The Gut and the Gut Microbiome
The gastrointestinal (GI) tract is a body system that includes the mouth, pharynx (throat), esophagus, stomach, large intestine, small intestine and anal canal. The GI tract is also often referred to as ‘the gut,’ which is responsible for digesting and absorbing nutrients from the food we eat.
The term ‘gut microbiome’ refers to the collection of microbes that are spread throughout the gastrointestinal tract. Microbes are tiny organisms that can’t be seen with the naked eye, including bacteria, fungi and viruses.
These microbes are key players in the fermentation of indigestible fiber. Fiber is extremely important to human health because it supports cholesterol management, blood sugar regulation, immunity, brain health, reduction of inflammation, prevention of chronic disease and so much more.
The fermentation process helps the good bacteria to multiply and diversify. It also allows the bacteria to produce acids that support satiety, nutrient absorption and increased energy.
These microbes are also responsible for protecting the body from “bad” microbes, reducing the effects of bacterial toxins, and promoting detoxification of cancer-causing agents.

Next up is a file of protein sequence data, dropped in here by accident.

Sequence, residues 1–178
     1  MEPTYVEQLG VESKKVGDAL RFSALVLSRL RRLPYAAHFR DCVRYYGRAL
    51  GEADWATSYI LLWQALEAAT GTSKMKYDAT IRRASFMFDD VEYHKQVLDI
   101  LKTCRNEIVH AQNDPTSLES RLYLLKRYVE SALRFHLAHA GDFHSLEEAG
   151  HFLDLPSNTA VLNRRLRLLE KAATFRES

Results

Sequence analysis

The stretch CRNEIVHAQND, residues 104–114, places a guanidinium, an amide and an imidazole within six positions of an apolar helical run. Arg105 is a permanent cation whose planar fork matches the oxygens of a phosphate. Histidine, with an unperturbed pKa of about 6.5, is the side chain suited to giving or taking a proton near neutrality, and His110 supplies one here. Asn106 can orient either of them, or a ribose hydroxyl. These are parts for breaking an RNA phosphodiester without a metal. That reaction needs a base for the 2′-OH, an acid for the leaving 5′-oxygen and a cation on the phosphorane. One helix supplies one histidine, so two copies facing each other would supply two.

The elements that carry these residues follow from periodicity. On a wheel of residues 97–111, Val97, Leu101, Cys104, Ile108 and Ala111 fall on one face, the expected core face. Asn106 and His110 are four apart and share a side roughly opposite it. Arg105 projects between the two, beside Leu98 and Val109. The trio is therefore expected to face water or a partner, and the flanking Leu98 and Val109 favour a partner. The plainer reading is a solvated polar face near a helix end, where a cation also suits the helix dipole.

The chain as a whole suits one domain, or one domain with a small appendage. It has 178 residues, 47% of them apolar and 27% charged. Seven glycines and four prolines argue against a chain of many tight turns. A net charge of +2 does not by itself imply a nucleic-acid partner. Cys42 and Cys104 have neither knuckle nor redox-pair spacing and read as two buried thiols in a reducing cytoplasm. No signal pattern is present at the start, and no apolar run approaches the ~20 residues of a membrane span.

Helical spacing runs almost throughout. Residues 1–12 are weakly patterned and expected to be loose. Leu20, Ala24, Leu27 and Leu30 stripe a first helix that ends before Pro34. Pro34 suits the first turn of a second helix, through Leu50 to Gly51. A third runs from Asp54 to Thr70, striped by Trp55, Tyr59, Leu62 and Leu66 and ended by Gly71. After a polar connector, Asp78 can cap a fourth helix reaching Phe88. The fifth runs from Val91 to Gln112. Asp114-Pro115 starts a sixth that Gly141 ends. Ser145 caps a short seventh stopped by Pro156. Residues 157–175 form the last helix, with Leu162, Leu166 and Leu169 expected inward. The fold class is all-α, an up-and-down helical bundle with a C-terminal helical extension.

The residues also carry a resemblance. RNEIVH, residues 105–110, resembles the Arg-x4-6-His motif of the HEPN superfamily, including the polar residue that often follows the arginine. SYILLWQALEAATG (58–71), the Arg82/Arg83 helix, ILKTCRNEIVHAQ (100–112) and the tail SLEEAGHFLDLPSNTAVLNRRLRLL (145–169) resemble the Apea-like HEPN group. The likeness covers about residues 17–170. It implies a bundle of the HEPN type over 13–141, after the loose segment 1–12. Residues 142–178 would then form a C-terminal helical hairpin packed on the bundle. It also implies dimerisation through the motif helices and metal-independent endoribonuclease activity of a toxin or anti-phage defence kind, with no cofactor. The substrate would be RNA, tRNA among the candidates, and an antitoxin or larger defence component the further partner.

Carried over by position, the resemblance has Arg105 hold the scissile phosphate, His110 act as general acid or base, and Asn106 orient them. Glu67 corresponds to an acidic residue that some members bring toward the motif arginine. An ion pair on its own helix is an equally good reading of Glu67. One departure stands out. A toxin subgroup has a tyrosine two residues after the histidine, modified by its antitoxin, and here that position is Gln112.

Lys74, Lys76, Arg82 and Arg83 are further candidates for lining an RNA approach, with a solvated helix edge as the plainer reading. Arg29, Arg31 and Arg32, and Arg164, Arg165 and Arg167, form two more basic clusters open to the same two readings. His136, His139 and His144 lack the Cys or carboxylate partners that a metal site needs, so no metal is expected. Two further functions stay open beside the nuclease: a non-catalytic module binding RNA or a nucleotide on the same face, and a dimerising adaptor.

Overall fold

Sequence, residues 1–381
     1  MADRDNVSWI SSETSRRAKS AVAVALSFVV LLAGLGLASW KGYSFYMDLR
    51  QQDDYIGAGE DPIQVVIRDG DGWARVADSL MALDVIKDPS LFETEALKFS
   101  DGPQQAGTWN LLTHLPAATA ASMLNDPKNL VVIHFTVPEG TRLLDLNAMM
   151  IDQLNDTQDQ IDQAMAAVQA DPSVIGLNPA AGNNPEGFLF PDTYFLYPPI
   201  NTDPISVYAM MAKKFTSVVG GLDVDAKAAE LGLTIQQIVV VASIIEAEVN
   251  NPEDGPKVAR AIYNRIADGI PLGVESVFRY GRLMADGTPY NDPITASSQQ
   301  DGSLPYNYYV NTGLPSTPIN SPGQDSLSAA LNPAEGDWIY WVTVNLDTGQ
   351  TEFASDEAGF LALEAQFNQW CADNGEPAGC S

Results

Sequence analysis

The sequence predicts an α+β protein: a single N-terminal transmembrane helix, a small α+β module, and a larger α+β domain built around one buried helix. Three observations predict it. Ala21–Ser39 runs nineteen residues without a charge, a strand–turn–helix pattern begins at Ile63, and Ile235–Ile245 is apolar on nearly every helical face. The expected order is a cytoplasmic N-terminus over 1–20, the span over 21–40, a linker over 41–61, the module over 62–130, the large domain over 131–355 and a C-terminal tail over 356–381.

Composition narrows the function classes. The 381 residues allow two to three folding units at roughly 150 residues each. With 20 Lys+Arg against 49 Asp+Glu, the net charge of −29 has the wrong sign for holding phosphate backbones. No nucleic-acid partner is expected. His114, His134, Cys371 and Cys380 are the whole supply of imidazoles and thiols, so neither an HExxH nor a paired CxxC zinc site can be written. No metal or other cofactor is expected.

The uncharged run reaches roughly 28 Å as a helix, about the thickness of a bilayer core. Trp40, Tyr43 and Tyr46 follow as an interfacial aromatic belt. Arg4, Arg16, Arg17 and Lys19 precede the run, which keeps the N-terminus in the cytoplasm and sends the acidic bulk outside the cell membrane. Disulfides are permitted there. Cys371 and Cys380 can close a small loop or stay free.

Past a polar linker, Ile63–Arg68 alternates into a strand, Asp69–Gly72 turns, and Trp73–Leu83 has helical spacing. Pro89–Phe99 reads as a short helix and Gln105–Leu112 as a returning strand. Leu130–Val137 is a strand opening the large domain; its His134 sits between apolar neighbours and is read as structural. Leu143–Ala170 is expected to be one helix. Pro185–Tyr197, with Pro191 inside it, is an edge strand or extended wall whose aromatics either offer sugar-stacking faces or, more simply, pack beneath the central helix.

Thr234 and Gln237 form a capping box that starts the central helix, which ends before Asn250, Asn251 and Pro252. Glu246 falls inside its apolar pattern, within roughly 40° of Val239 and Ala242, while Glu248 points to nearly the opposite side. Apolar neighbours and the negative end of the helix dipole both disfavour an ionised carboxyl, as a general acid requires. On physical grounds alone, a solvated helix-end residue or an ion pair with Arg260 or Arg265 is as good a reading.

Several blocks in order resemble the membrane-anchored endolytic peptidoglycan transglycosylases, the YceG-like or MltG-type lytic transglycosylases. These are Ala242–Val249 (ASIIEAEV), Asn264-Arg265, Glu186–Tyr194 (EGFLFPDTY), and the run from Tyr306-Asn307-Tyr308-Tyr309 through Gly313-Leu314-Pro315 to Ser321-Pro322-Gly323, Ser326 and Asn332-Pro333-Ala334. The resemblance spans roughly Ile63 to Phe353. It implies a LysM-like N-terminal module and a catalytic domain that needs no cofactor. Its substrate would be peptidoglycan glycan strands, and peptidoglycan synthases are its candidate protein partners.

Why is Gut Health Important?
The health of the gut and gut microbiome is important because it can impact many aspects of overall health. Gut health has been linked to:
- Sleep Quality
- Mental Health
- Endocrine (hormone) Disorders
- Gastrointestinal (stomach) Disorders
- Autoimmune Disease
Many people don’t know that the gut is connected to the brain by the vagus nerve. It runs from the brain stem down to the abdomen, with connections to several body systems, including the gut. It’s the primary route that the gut bacteria use to transmit information to the brain.
Because of this connection between the brain and gut, irritation or pain in the GI system can trigger mood instability and affect issues like anxiety, depression, autism, etc.
It’s also been repeatedly proven that those with less diversity of healthy microbes have higher rates of inflammatory bowel disease, arthritis, diabetes, eczema, obesity, and other chronic diseases.
Poor gut health has also had a consistent link to autoimmune disease. The gut microbiota are responsible for keeping the lining of the intestinal walls healthy. When there is not enough healthy microbiota, a condition called leaky gut can develop. This can allow toxic waste and bacteria to ‘leak’ out of the gut and into the bloodstream, leading to immune abnormalities and, eventually, an autoimmune disorder.
Gut health is vastly more important than many people realize, but how can you tell if your gut microbiome is out of whack?